Jun 24, 2019
Detroit had 1,884 reverse mortgage foreclosures from 2013 to 2017, the highest number of any city in the country. It was certainly not alone; Chicago, Baltimore, Miami and Philadelphia rounded out the top five.
These types of foreclosures just add to the ways poor, and most frequently black, homeowners in Detroit have been forced out of their homes in huge numbers over the last couple of decades. The rate accelerated even more after the financial crisis of 2008. It’s a big reason behind the drop in Detroit’s population during this period.
Mortgage companies target homeowners having financial problems to offer them reverse mortgages. They claim they are a way to allow a homeowner to stay in their homes and borrow money based on equity they have accumulated over the years after paying down a portion of their mortgage loans. The arrangement “allows” the homeowner to stop making mortgage payments, so long as they continue to maintain the home and keep up on property taxes and mortgage insurance payments.
That’s the catch, however. One missed payment for property taxes or insurance can trigger a foreclosure. Also, when a homeowner moves out, whether because of death, financial difficulties or any other reason, they, or their families, are responsible for whatever is still owed on the mortgage. Some of this can be made up by the sale of the home, but with home prices in cities like Detroit declining, that doesn’t always help much. In addition, mortgage lenders add on fees of up to $15,000 to start the reverse mortgage process.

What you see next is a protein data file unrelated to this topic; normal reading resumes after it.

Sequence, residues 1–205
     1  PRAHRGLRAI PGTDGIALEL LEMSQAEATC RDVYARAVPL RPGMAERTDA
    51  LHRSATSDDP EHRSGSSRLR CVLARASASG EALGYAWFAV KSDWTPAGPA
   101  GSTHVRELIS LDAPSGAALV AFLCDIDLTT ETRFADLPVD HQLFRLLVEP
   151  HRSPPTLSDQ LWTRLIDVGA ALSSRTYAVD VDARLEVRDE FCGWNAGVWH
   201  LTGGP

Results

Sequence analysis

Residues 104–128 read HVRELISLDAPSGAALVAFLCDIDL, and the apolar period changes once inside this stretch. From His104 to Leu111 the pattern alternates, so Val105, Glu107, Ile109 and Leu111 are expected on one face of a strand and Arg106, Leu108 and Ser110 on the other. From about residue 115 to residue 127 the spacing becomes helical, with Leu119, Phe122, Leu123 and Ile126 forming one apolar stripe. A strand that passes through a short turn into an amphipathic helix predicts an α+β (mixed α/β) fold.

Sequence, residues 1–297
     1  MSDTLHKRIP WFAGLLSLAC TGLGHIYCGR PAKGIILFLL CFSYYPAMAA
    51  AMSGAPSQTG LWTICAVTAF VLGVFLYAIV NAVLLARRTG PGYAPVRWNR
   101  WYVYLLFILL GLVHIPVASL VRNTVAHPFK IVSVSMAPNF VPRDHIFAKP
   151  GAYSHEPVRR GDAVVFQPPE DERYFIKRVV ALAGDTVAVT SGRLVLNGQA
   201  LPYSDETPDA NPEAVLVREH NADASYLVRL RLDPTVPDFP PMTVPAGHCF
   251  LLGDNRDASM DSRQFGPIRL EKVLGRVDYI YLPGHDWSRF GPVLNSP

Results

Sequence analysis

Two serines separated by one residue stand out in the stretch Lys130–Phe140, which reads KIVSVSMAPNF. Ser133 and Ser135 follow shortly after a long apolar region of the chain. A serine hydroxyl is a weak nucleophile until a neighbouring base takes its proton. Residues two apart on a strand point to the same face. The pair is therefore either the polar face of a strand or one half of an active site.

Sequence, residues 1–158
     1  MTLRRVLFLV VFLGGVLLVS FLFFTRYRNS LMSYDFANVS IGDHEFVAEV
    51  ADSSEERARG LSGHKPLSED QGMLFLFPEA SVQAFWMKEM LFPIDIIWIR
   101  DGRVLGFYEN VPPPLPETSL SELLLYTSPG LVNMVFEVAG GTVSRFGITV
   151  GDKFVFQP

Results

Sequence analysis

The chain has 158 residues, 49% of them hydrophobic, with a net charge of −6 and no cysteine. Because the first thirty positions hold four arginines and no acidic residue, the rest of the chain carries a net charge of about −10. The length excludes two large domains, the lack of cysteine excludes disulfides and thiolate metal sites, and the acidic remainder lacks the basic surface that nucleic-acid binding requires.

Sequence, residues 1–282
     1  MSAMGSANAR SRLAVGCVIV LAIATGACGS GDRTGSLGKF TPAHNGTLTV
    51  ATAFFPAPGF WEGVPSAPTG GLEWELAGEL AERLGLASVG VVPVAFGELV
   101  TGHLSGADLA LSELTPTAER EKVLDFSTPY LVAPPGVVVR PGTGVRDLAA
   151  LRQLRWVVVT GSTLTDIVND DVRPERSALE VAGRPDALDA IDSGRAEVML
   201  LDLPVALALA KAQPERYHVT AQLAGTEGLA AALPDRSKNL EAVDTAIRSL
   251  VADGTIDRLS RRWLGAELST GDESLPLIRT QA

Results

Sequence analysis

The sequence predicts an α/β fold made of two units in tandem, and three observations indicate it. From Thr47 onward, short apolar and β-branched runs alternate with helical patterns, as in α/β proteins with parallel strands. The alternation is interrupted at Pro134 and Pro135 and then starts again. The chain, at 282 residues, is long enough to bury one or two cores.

At one time, property taxes and insurance payments, at least in some cases, were simply rolled into the outstanding mortgage balance. This decreased the likelihood of a missed payment. This is no longer the case, however.
Reverse mortgages are just one more way financial institutions profit off of poor and working class people who start off hoping to own a home and pass something on to their children. With the wealth that working people create, we shouldn’t have to depend on these types of scams to know we and our families will have a place to live.